The first time Dave brought his sexual proclivities into our workplace was in March 2016. We were starting off a project with what turned out to be our first big client. Dave was responsible for being there and doing some of the initial organization. He did that, but as soon as he got comfortable, the trouble started.
In order to be in time sync with a US client, Dave was working throughout most of the night (the Philippines is either 12 or 13 hours ahead of the US east coast — so the graveyard shift in the Philippines is the busiest). That means he started his work late in the day. He’d get into the office around 3 or 4, work for a few hours, then go out and get dinner. It was the condition he was in when he came back to the office from dinner that started the problems.
He was always offering to take people out for drinks, first in groups, then individually. Dave was big — like 6’4”, and he had a way of using his size alternately to be friendly or to intimidate. On this trip, Dave was seen cornering a female employee in the hallway to “chat her up a bit, mate,” but would position himself in such a way that she couldn’t easily exit the conversation with the boss.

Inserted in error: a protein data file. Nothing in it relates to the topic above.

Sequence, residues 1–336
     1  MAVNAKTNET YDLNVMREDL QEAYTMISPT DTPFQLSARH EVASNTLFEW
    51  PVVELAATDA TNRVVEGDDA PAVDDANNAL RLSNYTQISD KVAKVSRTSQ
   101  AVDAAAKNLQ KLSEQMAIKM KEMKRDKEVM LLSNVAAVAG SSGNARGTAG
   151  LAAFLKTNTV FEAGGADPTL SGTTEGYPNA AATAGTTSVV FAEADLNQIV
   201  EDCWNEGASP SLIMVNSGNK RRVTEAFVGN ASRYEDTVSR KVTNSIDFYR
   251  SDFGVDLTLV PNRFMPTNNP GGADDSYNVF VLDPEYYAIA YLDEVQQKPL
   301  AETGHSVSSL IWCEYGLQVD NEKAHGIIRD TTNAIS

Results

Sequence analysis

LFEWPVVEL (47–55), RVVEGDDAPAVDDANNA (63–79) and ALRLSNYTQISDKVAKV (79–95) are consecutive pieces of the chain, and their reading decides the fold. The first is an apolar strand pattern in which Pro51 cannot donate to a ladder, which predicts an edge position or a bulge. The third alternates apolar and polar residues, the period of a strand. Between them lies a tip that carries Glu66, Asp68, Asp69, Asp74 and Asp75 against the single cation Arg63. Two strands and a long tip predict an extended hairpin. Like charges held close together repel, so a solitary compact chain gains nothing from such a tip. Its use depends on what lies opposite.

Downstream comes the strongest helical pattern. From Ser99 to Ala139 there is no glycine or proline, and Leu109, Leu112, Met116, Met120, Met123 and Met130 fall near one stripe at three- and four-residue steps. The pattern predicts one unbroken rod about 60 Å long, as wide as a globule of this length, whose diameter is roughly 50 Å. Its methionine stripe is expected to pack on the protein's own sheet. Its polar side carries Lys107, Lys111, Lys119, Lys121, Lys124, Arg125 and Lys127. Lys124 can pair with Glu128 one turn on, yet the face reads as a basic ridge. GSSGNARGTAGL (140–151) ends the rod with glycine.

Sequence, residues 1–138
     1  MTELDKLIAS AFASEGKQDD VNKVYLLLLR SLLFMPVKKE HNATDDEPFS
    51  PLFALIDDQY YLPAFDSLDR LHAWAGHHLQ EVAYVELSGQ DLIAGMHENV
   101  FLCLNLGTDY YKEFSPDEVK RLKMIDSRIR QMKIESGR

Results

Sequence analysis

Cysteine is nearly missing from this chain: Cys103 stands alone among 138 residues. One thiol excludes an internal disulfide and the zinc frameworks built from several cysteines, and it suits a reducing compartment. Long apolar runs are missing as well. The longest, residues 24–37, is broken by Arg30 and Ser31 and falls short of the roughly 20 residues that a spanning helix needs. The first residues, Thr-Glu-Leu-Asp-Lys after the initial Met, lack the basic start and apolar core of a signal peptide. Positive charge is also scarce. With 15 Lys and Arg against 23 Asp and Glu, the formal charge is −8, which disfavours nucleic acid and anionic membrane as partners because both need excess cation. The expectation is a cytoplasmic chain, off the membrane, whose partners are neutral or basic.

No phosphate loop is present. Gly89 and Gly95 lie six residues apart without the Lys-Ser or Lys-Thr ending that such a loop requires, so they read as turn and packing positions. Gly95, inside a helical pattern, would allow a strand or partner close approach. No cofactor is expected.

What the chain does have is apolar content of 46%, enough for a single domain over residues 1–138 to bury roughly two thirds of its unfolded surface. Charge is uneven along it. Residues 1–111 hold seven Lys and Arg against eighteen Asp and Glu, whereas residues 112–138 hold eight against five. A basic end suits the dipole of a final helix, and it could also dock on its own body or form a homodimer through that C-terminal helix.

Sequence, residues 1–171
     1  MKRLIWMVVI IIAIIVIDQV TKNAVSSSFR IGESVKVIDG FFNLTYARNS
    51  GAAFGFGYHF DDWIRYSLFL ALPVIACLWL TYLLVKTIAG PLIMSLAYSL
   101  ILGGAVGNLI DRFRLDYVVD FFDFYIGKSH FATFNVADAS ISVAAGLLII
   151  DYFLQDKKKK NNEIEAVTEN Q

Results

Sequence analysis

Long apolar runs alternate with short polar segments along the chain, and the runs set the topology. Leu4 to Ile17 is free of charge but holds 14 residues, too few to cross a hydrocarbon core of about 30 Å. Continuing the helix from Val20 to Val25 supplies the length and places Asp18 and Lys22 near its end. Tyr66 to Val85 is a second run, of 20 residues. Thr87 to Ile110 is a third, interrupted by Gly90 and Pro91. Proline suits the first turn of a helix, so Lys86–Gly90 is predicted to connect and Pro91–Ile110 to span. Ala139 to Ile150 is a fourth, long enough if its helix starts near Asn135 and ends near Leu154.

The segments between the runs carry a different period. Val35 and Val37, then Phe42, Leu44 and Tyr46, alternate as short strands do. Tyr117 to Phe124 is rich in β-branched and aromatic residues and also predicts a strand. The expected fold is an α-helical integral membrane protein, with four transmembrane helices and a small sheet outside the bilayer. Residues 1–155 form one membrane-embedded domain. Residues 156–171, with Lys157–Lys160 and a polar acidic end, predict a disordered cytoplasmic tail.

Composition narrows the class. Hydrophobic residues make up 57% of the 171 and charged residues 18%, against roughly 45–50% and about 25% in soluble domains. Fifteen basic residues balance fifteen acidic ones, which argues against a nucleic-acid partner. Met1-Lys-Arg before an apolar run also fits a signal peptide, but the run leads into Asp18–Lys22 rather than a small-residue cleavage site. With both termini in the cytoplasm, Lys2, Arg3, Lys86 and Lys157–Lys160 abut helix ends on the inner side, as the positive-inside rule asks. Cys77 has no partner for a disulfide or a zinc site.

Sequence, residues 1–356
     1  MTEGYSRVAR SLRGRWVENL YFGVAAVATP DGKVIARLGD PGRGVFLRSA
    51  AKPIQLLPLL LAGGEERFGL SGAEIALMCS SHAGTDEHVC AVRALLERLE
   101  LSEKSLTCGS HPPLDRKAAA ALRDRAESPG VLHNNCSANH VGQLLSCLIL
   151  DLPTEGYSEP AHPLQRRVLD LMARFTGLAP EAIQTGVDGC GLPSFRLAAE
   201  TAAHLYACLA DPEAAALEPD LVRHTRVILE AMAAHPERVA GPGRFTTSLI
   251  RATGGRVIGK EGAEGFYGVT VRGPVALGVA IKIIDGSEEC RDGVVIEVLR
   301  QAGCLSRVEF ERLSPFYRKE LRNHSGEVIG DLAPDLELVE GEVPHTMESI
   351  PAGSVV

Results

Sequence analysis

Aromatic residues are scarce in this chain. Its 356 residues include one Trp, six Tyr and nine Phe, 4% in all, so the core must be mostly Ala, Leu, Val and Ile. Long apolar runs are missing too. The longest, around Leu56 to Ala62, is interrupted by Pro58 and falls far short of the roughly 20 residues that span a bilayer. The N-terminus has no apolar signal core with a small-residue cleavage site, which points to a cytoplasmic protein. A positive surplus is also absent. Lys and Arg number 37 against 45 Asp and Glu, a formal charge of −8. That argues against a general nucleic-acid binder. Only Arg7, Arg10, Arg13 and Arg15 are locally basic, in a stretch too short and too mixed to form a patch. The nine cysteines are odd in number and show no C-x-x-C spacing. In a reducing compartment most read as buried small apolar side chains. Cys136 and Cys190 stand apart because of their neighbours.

Later, when we installed cameras, he would send me a chat message to “bring up the camera” and talk about how attractive (he used crasser words) one or another of our female employees looked at the present time on camera. Employees knew there were cameras, but they were assumed for security.
In May 2016, we were there at the same time, and I started hearing even more disturbing reports about his behavior in the period between March and May. By this point, I was already concerned. As our business started to grow, I could see things getting more serious, both for the business and for him. Our original agreement was that he would do sales, and I would do operations and management. Soon, I was doing all sales, and Dave was just going there from time to time to “work.”